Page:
# Tuesday Tips: How Disc Stability And Release Angles Work Together

Some simple graphic representations of optimal flight patterns

In the most simplistic form, there are three main flight paths you can get your disc to fly on: a hyzer line (fade left for a right-handed backhand player), straight line, or anhyzer line (turn right for RHBH). These three flight paths allow the disc to finish either right, straight, or left depending on if you throw sidearm or backhand; left-handed or right-handed.

Now, when you’re out on the course, every shot will require a slight variation of one of these flight paths. For example, you might need a short hyzer on hole 1, a sharp anhyzer on hole 2, a long, straight hyzer on hole 3, etc. In order to achieve all these different flight paths, you need to know when to throw “what” disc on “which” angle. Often times, though — and especially as a beginner — the terminology of flight paths and release angles can cause confusion, making it can be difficult to know which mold should be used. To help with this, I’ve come up with a simple disc golf equation and explained each component below.

#### Stability + Angle of Release = Flight Path

Stability

Disc stability is best described as a spectrum, with overstable on one end, understable on the other, and neutral in the middle. All discs on the market range in different levels of stabilities and will fly at a slightly different stability depending on your arm speed and power.

In general, overstable discs require more power and arm speed to achieve their desired results and are more wind-resistant. Neutral discs are just that: They’ll take the angle you put them on. Understable discs have a propensity to turn more easily and are better for newer players, as they can fly straight paths at lower arm speeds. The trade off, though, is that they often are abused by wind.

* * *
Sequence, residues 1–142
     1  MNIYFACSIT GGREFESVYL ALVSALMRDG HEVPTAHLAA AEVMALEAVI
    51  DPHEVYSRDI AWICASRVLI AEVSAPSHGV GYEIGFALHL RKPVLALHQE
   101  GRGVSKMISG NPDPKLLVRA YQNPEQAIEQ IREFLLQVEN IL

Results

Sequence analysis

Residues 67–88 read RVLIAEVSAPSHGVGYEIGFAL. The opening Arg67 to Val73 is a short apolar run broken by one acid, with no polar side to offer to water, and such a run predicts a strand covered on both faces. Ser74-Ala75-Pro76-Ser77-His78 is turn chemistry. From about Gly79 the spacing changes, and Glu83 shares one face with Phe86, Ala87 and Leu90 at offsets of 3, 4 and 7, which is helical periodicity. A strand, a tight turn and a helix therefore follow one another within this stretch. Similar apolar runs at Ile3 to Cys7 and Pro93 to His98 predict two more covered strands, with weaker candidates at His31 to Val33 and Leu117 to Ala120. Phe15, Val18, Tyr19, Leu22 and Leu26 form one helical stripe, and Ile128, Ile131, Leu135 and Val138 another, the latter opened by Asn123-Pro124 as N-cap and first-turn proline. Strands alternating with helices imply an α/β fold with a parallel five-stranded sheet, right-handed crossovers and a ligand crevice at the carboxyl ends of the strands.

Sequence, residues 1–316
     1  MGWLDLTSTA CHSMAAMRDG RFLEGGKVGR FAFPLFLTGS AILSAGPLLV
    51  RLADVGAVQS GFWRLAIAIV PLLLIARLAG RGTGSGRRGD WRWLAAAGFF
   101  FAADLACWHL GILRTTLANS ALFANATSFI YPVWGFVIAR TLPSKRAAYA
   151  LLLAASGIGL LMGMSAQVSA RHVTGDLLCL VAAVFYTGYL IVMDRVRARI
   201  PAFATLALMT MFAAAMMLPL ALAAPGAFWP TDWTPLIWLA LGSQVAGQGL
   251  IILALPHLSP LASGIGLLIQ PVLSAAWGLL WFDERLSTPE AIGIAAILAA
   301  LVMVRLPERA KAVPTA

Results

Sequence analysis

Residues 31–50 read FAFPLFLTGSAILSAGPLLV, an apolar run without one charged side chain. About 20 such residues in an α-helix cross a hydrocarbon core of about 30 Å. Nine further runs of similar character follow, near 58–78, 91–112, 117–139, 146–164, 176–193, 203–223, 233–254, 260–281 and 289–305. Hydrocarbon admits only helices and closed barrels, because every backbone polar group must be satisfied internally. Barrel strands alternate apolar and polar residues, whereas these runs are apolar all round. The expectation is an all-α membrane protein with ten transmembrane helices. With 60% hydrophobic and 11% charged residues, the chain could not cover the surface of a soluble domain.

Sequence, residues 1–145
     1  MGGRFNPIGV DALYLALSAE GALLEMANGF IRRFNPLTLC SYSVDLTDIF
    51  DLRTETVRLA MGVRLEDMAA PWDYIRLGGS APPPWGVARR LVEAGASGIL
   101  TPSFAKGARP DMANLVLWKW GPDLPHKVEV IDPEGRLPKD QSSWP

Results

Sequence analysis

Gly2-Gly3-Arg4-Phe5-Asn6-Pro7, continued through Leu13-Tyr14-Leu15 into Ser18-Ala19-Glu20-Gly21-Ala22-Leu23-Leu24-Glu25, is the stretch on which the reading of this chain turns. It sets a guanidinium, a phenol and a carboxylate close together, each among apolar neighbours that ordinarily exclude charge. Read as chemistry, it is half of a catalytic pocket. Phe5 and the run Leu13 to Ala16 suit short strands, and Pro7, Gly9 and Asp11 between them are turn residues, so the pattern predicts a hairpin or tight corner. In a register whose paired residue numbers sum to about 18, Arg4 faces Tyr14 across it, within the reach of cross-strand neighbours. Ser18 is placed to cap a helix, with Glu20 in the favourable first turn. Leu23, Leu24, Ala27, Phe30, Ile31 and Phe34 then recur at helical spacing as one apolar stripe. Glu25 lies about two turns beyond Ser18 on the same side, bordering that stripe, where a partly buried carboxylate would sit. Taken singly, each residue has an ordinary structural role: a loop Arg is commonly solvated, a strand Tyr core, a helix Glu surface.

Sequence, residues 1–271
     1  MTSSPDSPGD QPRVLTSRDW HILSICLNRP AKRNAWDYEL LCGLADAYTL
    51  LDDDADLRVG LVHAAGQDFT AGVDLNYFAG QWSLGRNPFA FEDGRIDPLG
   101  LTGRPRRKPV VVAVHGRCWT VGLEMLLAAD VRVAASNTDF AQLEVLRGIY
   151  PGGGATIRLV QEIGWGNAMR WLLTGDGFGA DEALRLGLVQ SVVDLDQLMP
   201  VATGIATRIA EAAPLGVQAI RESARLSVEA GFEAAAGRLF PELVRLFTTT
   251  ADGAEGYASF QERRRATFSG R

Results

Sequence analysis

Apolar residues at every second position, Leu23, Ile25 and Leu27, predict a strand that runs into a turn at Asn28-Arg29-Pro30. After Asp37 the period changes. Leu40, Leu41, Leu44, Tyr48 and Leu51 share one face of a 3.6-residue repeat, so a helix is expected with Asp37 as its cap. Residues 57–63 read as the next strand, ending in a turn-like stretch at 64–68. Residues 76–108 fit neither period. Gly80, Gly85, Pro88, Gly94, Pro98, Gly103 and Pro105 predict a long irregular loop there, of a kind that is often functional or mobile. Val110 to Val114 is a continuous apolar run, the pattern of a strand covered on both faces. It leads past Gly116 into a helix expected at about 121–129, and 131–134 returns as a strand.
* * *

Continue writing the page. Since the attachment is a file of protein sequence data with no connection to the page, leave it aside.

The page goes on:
Angle of Release

Angle of release refers to the angle of the disc as it is coming out of hand during your throw. The three main angles of release are: hyzer, flat, and anhyzer. A disc can be thrown at any variation of these angles (extreme hyzer, slight hyzer, etc.) and are sometimes referred to in geometric terms (“45 degree hyzer”) or like hands on a clock (“7 o’clock hyzer”).

Flight Path

Flight path is the line your disc is flying on after you’ve released the disc. As stated earlier, the three main flight paths are a hyzer line, straight line, or anhyzer line. (A disc that continues to turn from a flat release can also be referred to as a turn over.)

Now that you understand the equation, you can start looking at how each combination changes the flight of the disc. If you’re a left-handed backhand thrower or right-handed sidearm thrower, simply imagine these lines as a mirror image.

Look at the chart above: There are a few key points that need to be addressed. First, with just these nine combinations of disc stability and angle of release, you’re able to throw almost any type of shot. Second, a few of the combinations have very similar flight paths. For example, a neutral disc thrown on hyzer and an overstable disc thrown flat produce very similar flight paths that finish right; or, a neutral disc thrown flat and an understable disc thrown on hyzer both yield a straight flight path.

Keep in mind the flight paths on the chart are a guide to how a disc would typically fly with that stability and angle of release. The exact flight paths themselves are not that important, but understanding how the angle of release and stability affect the flight path is very important.

Too many players rely on throwing only their overstable discs for hyzers and their understable disc for anhyzers. Next time you’re on the course, think about using this equation to help with your shot selection. You might realize you should have been throwing that Roadrunner on a hyzer all along.

1. ##### Matthew Norton

Matthew Norton is an avid disc golfer and graphic designer currently residing in Charlotte, North Carolina.